Russell was a five-time most valuable player and a 12-times All-Star. Red Auerbach, his coach for nine championship games, called Russell “the single most devastating force in the history of the game.”
Russell also saw success as a player-coach of the Celtics from 1966 to 1969. He became the first Black coach in N.B.A. history and guided Boston to their 1968 and 1969 titles. His playing days in Boston encompassed magical moments and times when he endured insults, vandalism, and disrespect. When asked about playing for a city that he once called “a flea market of racism,” Russell wrote: “Every time I came into an adversarial situation, I decided to take control of it so that if a guy came up to me and tried to give me a bad day, I made sure that he was the one who left with the bad day.”
Over the years, he fondly remembered his time with the Celtics: “Every minute I played for the Celtics was a joy to me. From there, I couldn’t go to heaven. Leaving there and going anywhere else was a step-down.”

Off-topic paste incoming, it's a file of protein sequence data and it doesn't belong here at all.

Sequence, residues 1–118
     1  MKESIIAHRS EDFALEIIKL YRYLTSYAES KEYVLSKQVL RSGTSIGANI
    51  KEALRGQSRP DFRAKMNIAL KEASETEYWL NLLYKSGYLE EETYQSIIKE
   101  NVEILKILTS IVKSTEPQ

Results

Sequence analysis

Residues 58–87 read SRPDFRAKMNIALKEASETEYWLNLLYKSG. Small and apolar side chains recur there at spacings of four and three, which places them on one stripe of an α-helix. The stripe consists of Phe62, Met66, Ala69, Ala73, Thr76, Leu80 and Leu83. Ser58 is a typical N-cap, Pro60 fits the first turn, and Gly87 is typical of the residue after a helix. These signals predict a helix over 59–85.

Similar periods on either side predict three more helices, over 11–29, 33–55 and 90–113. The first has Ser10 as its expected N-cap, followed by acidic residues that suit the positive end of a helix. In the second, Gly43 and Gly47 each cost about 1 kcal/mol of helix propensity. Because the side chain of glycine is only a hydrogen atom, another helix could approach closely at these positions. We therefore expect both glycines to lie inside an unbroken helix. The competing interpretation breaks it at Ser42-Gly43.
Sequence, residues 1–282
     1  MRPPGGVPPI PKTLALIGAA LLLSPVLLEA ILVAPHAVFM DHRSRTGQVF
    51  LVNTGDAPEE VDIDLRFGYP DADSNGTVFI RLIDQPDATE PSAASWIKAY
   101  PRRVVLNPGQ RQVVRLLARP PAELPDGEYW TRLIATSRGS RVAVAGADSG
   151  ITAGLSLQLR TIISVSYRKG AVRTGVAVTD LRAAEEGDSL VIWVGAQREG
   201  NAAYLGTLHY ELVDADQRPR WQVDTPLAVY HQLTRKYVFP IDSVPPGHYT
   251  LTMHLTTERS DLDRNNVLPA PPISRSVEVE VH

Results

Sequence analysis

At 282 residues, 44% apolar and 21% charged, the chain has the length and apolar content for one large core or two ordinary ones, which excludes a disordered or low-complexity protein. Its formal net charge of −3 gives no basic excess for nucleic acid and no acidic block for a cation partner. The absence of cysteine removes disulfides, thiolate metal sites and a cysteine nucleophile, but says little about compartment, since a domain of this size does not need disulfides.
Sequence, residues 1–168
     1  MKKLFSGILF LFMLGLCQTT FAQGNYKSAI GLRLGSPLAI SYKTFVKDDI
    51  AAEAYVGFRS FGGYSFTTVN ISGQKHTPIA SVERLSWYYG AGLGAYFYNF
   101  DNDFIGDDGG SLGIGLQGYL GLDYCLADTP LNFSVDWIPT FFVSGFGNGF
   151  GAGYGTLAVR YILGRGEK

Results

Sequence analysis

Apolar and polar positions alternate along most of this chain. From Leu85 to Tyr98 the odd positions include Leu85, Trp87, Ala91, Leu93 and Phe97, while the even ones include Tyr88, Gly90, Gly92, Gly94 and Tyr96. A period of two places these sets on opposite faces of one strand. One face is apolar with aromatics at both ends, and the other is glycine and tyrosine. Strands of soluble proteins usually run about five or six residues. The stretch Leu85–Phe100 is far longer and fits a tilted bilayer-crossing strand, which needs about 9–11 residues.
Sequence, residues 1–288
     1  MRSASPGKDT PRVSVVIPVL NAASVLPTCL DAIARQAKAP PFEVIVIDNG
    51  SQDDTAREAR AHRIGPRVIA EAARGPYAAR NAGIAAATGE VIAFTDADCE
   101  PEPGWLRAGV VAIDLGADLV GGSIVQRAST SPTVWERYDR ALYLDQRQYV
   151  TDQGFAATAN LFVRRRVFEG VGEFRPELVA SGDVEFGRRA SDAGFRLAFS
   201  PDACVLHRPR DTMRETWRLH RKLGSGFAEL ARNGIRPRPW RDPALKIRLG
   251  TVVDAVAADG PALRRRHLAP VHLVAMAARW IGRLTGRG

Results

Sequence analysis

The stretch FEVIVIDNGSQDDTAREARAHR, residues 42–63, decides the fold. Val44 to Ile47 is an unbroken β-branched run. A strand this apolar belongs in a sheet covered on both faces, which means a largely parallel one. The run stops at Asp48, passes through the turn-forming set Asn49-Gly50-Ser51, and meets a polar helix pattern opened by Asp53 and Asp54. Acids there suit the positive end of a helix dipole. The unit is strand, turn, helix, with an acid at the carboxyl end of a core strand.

Long before the Magic – Bird rivalry, there was the Russell and Wilt Chamberlain matchup. According to Basketball-Reference.com, Russell went 57-37 against Chamberlain in the regular season and 29-20 in the playoffs. Russell described their epic battles this way, “If Chamberlain got 62 points and we won, it wouldn’t mean anything. If he got 62 points and they won the game, that bothered me.”
Never one for personal adulations unless it furthered a cause, Russell took part in the 1963 March on Washington and was present in the audience for Martin Luther King’s “I Have a Dream Speech.” He marched in Mississippi after the slaying of civil rights activist Medgar Evers, and along with Jim Brown, Kareem Abdul-Jabbar, and others, he attended the “Cleveland Summit” supporting Muhammad Ali and his refusal to enter the military during the Vietnam War.